The Brain Behavior Laboratory makes some of its software available to other researchers in order to promote the advancement of brain research and to facilitate replication of results obtained here.
This software is provided under an Open Source (tm) license, which permits free use, modification, and redistribution provided that proper credit is given; the complete license terms can be read here.
The use of an Open Source license is an experiment on our part; we have the following reasons for believing that the experiment is worthwhile: First, we believe that software is a form of scientific knowledge and that science advances most rapidly when we can build on each other's work rather than re-implementing each other's wheels. We hope that the people who find our software useful will reciprocate by contributing bug fixes and other improvements to be folded back into our master copy for future releases. Second, we find that we write better software when we expect that dozens of people will be reading our code than when we are writing just for ourselves. Finally, we would rather spend our time doing science rather than trying to monitor and enforce a more restrictive license.
These packages are currently maintained by Paul Hughett at firstname.lastname@example.org, who will be happy to receive bug reports, and even happier to receive bug fixes or other improvements. The NRIA and segm packages are considered obsolete and are no longer being actively maintained; BBLimage will eventually include more flexible replacements for these programs.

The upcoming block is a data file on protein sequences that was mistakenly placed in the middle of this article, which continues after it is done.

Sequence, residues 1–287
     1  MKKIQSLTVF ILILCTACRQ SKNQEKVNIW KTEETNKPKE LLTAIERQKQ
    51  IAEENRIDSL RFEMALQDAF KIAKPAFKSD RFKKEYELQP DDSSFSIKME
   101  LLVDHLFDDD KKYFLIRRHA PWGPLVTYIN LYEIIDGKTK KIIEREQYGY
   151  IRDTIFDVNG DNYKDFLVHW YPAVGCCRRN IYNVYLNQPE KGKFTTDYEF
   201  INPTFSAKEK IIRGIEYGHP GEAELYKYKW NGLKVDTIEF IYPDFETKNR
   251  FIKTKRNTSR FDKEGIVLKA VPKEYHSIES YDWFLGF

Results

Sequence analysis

BBL's flagship product is PyVox (formerly known as BBLimage), a collection of image processing tools for registering MR images, extracting the brain volume, and segmenting it into CSF and gray and white matter. See PyVox home page for more details.
loc - Multi-lingual code counter
The loc program counts lines of code in multiple source files and directories, with heuristic rules to determine the language in which each source file is written. The program currently supports C, C++, Perl, Python, and scripts.
Segm - Segmentation of MR images of the brain
The segm package includes the adaptive K-means segmentation algorithms developed by Michelle Yan. These have been very useful at BBL for our specific imaging protocols but have not proven adaptable to other protocols.
NRIA - New Region of Interest Analysis
NRIA is an XView-based interactive image analysis program developed and used at BBL and which runs under Solaris 2.5 through 2.7. Unfortunately, it is unsupported, undocumented, and not recommended except to those few people who have learned how to use it while in residence at BBL. We include it here primarily for former BBL students who have taken it with them and want to have the latest version.